John Barratt-Peacock has looked more closely than any other Australian into why parents choose homeschooling. Religion (or "world view") plays a role as often as not, says the former teacher, though its influence isn't straightforward. He tells of two fathers who each withdrew their daughter from the same Year 4 class in northern Tasmania: one felt too much time was being wasted on Easter and Christmas frippery; the other objected to the humanistic curriculum, "so that teacher was damned either way." Some parents act on the view that the drudgery of school dulls children's desire to learn. Others recognize that while a teacher in charge of 30 children has no hope of catering to their different levels of intelligence and motivation (never mind their preferences on light and noise, posture and the scheduling of breaks), parents responsible for a much smaller group - their own children - can and do.
Home educators no doubt have a heightened sense of parental responsibility. While critics dismiss them as oddballs, no one could accuse these parents of taking the easy option. By rejecting school, they commit to a plan that will diminish their earning power and personal freedom for years to come. "There's nothing more artificial in the whole world than a classroom," says Craig Smith, a homeschooling father of eight in Palmerston North, New Zealand. His and wife Barbara's experience mirrors that of many families: having spent the first year or two of home education trying to duplicate the classroom scene, the Smiths nowadays largely eschew anything resembling lessons. Their view is that children need intensive one-on-one tuition to master the three Rs, but thereafter only guidance and access to books. The jovial Smith plonks his youngsters on his knees and tells them news and stories. They go to church twice on Sundays and travel often within New Zealand and occasionally overseas. Three times a day they eat together as a family. "Visitors will say, 'You're not doing any schooling at all!' I'll say, 'You're correct. However, the children are learning heaps, and they're learning it in the context of everyday life.'"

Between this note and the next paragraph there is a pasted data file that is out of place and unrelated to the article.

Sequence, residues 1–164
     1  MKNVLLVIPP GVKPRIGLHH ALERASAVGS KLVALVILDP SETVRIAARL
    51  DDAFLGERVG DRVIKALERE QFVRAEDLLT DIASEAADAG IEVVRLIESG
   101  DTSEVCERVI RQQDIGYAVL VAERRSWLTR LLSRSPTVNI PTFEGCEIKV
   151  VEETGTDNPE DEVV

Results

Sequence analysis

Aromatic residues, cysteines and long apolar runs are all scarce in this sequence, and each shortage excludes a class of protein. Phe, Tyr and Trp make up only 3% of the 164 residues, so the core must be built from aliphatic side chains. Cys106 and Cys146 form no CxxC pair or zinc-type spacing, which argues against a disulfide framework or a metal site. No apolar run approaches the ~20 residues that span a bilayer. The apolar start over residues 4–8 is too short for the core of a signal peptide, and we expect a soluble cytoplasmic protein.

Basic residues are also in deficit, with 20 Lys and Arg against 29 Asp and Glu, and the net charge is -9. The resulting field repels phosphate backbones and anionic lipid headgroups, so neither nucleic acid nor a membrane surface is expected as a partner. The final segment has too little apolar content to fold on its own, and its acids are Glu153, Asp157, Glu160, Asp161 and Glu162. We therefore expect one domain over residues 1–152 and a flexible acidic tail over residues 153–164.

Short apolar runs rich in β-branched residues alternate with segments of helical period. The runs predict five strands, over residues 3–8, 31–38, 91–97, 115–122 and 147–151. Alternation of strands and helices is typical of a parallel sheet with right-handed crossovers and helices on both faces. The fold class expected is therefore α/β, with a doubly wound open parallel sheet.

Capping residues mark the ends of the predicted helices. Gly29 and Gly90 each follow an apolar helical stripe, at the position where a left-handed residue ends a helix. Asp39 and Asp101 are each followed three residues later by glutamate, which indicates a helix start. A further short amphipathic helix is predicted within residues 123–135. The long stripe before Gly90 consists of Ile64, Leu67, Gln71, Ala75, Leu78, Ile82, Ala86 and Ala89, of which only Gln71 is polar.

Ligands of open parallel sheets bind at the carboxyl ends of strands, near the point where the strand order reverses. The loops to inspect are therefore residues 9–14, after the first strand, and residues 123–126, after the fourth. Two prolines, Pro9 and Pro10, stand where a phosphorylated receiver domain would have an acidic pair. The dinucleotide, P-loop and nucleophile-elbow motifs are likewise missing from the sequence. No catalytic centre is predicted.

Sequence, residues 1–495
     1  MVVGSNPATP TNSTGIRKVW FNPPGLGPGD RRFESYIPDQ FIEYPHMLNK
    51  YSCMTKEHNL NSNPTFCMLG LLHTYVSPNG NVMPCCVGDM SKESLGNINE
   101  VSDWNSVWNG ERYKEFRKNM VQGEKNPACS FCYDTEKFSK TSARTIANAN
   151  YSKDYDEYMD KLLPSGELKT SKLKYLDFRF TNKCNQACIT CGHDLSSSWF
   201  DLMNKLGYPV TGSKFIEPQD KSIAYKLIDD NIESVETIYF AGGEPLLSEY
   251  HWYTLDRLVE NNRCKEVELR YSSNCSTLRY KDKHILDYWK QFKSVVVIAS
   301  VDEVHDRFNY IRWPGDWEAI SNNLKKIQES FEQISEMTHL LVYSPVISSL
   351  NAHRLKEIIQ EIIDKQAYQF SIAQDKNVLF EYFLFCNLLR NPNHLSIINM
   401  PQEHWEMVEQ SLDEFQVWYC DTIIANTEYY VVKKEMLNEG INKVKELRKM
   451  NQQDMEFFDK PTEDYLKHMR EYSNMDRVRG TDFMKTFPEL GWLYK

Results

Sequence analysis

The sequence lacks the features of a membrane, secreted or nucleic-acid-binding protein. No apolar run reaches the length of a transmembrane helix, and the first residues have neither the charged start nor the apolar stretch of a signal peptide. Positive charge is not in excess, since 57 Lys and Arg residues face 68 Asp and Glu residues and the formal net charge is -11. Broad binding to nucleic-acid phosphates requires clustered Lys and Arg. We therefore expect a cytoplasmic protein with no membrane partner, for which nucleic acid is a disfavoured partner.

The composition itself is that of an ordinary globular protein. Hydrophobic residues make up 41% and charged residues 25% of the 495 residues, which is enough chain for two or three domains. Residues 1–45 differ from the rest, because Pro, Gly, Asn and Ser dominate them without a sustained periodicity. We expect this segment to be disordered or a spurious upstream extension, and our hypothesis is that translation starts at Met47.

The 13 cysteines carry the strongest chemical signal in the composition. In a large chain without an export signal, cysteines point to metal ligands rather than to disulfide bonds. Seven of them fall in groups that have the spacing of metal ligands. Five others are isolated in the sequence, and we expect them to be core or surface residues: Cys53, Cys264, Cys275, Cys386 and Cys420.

Authorities don't object to the world-is-my-classroom approach. So long as parents appear to be committed to their child's education, getting registered as a home educator is usually a formality. "The few who are knocked back," says Colleen Strange, Sydney-based founder of the Home Education Association, "haven't the slightest idea what they're doing." Registration comes up for renewal every year or two - when, in most parts of Australia, a bureaucrat will pay a visit to check that the child is making progress. It may be interesting to ponder how much you've retained of what you learned at school. Those who've forgotten umpteen mathematical formulas and the periodic table are generally none the worse for it. Though there's much to be said for a broad education, there's also merit in the view that children should be free to explore what interests them. Mujahidah Flint's daughter Tahirrah reads encyclopedias and dictionaries for fun. "I don't like dumb, funny books," she says. "I like the classics . . . Dickens, Kipling." At 10, she wrote her first book; her latest follows a troubled teen whose parents decide to homeschool her. Tahirrah has a clear picture of her future: teaching English in Turkey, her father's homeland, while continuing to write novels. And much of her learning is geared toward that goal.
Sean Devenish's parents withdrew him from his Perth school 10 years ago when he was in Year 5. A bright boy, "I'd finish a task," he says, "then wait for the rest of the kids to catch up." His sister Joanne, meanwhile, was struggling in Year 3 and feeling stupid, and her parents pulled her out at the same time. Today, in their new home in Colebrook, north of Hobart, none of the Devenishes' eight children attends formal classes. "We help them excel at what they're good at and work on their weaknesses," says mother Helen. Joanne, she adds, never took to intellectual pursuits, but at 18 she sews and bakes bread and helps her six-year-old sister learn to read.